He told me that he didn't think, didn't dream and didn't remember anything. He was increasingly in a physical as well as a cognitive stupor. His eyes were half-closed, his mouth was slack, and he could hardly walk. He was virtually in a vegetative state.
    He was spending the day with Joe and me last spring. He had been up all night at home, distressing our mother with strange rants and making a ruckus upstairs and downstairs. He was frantic about being late for his junior college basketball game. "They're counting on me! I have to hitchhike to Charlotte, but I can't find my uniform! Oh no! Oh no!" The game that he was referring to was the championship 70 years ago, which he won by making one last shot as the buzzer sounded.
     Mama finally realized that he was not going to calm down and go back to bed, so she stayed up and let him talk for hours. His brain was being flooded with memories that his dementia had appeared to erase years ago, she said, but the memories were all mixed up: Ninety years of life in a massive jumble. She was exhausted, but she said it had been fascinating to witness the reawakening of his mind..
     When we picked him up to bring him to our house, he seemed exhausted, too. He refused to eat any lunch and said he wanted to lie down, so we helped him into bed. When I tucked him in, he said, "Thank you kindly, ma'am."
    Within 30 minutes or so, we heard loud talking and noises from the bedroom. Daddy was rummaging through all of the bureau drawers, yanking things out and saying, "No! No!" He seemed to be on the verge of tears.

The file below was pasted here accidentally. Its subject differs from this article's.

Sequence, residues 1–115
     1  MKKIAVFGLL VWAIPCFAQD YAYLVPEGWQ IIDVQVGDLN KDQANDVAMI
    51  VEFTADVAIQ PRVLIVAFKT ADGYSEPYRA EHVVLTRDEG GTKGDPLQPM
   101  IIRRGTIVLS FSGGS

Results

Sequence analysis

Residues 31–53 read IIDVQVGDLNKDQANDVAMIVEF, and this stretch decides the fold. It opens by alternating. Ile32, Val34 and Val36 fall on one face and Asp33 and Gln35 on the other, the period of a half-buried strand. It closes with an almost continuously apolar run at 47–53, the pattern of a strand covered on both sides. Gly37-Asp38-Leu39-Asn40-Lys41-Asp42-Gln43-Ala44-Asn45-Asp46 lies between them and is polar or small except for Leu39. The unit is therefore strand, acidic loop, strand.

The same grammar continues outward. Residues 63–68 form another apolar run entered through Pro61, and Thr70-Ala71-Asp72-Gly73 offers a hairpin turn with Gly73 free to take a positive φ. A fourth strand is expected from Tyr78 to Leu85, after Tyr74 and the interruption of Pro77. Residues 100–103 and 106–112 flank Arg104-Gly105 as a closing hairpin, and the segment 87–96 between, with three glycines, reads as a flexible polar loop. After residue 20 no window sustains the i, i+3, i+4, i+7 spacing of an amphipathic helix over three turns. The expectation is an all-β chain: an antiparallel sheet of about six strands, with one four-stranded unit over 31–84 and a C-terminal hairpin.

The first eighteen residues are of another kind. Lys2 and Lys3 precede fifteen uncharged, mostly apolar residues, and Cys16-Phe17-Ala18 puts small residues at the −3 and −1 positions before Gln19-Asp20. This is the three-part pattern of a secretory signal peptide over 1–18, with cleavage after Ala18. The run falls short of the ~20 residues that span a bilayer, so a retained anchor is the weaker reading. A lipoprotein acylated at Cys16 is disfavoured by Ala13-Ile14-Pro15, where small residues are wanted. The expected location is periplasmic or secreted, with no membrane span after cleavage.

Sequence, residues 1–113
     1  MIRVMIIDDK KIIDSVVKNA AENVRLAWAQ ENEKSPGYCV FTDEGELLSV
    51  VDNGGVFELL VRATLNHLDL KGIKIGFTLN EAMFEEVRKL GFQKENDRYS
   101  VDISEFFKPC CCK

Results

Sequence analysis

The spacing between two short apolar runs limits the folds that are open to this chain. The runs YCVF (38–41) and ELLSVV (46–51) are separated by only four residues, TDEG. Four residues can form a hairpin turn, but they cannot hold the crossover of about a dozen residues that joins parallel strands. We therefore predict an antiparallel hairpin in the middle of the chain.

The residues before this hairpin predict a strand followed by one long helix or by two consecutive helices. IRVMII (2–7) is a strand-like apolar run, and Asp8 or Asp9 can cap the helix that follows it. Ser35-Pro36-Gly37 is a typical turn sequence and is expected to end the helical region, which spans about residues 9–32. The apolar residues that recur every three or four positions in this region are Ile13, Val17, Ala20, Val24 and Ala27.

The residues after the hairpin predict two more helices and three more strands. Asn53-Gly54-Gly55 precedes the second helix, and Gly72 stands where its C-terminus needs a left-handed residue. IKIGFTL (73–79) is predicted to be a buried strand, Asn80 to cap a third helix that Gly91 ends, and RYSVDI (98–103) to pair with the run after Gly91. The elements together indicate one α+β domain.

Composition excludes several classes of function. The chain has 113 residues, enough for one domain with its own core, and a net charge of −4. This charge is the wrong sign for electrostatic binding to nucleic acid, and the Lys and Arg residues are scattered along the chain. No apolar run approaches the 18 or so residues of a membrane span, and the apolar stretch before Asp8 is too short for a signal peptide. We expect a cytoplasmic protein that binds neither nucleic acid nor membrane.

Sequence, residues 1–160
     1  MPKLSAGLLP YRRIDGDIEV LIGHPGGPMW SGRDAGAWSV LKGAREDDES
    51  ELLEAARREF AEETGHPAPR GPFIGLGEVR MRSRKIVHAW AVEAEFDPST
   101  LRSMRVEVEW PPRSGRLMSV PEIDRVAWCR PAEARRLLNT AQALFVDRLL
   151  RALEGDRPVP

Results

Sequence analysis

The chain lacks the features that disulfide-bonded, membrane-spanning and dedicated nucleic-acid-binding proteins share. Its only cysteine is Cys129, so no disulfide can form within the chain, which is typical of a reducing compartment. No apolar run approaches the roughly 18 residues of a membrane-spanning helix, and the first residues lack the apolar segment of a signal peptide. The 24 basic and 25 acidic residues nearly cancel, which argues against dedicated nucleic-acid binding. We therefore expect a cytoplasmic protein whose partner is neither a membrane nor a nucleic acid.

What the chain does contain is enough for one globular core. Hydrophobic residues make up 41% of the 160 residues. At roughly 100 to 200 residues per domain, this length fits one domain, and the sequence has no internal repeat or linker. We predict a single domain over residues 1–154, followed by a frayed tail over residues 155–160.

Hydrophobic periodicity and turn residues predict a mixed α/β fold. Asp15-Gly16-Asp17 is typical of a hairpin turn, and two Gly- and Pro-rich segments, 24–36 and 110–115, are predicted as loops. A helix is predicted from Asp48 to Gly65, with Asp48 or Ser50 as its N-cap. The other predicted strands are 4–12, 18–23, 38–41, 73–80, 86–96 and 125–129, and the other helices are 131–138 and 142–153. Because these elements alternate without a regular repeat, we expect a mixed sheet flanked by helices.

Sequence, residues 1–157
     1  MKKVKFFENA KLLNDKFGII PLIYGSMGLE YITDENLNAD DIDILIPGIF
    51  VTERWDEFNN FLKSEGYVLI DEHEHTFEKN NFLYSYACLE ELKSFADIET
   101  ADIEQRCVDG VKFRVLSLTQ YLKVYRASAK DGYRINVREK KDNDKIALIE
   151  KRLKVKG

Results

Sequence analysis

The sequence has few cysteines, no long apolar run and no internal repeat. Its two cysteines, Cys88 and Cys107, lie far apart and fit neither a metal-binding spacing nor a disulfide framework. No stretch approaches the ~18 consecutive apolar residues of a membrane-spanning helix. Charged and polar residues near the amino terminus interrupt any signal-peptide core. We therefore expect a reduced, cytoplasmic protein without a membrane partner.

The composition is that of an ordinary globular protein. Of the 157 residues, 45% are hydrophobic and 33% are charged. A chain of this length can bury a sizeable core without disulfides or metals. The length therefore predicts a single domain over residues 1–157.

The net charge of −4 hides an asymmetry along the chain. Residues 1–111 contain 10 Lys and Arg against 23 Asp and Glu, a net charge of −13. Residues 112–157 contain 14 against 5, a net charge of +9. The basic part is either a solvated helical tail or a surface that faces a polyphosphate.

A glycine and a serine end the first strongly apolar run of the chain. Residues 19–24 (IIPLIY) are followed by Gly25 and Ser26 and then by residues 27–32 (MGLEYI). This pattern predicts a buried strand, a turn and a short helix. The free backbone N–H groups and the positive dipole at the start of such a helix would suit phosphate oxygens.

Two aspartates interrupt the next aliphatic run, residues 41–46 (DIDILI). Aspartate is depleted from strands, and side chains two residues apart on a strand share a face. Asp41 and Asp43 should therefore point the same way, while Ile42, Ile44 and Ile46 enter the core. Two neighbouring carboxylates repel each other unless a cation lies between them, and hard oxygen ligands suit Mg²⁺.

"My thesis -- it's gone! They took it -- what will I do?" he cried. "I have to present it to the faculty committee in twenty minutes! Mitch will be so upset with me!"
    Mitch, who died in the 1980s,  had been one of my father's oldest friends and was his boss for a time. My father had forgotten years ago who Mitch was, but now the memory had been somehow revived.
Photoillustration by Diane Fenster.
   Daddy almost collapsed, and I helped him back onto the bed, sitting down next to him. I asked him what his thesis was about.
   "I compiled all the reference data on 34 rare metals, and described the latest methods of production, the chemical and physical properties......It seems to me I limited my emphasis to the metallic or elemental forms, with only a minor review about compounds."
    It had been at least 18 months since my father had been capable of speaking in complete sentences, much less delving into his scientific knowledge. I was exhilarated as well as baffled by this revivification of his intellect. He was even employing his long-lost professorial tone. And using words like "hitherto."
    "The war accelerated the development of new technologies, and materials hitherto unknown -- the rare metals -- were suddenly in demand. Barium, strontium, molybdenum, beryllium, germanium, gallium, chromium....." his voice trailed off, and then he began breathing hard and looking at the ceiling..
    "Oh no, not again," he exclaimed. He reached up and fluttered his fingers. "Don't you see them up there? Crawling, crawling. They are so big. Can't Joe take them away? Oh no -- look! Now they're on the floor, too." He put his face in his hands. "Honey, please do something."
    We took him to see his doctor. We had to virtually carry him to the car -- his legs were collapsing under him -- and he continued with his wild monologue on the drive to the clinic. "Please take me to the airport so I can talk to your mother," he said. "I think she is going back to Poland. I'm afraid I've done something to upset her."
    Then he took my arm and whispered, "Did you know she was the first Jewish Miss America?"